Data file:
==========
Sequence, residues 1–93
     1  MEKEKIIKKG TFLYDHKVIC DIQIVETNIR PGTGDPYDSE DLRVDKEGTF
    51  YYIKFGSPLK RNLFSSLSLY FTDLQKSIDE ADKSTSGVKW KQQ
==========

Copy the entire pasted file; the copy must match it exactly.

Sequence, residues 1–93
     1  MEKEKIIKKG TFLYDHKVIC DIQIVETNIR PGTGDPYDSE DLRVDKEGTF
    51  YYIKFGSPLK RNLFSSLSLY FTDLQKSIDE ADKSTSGVKW KQQ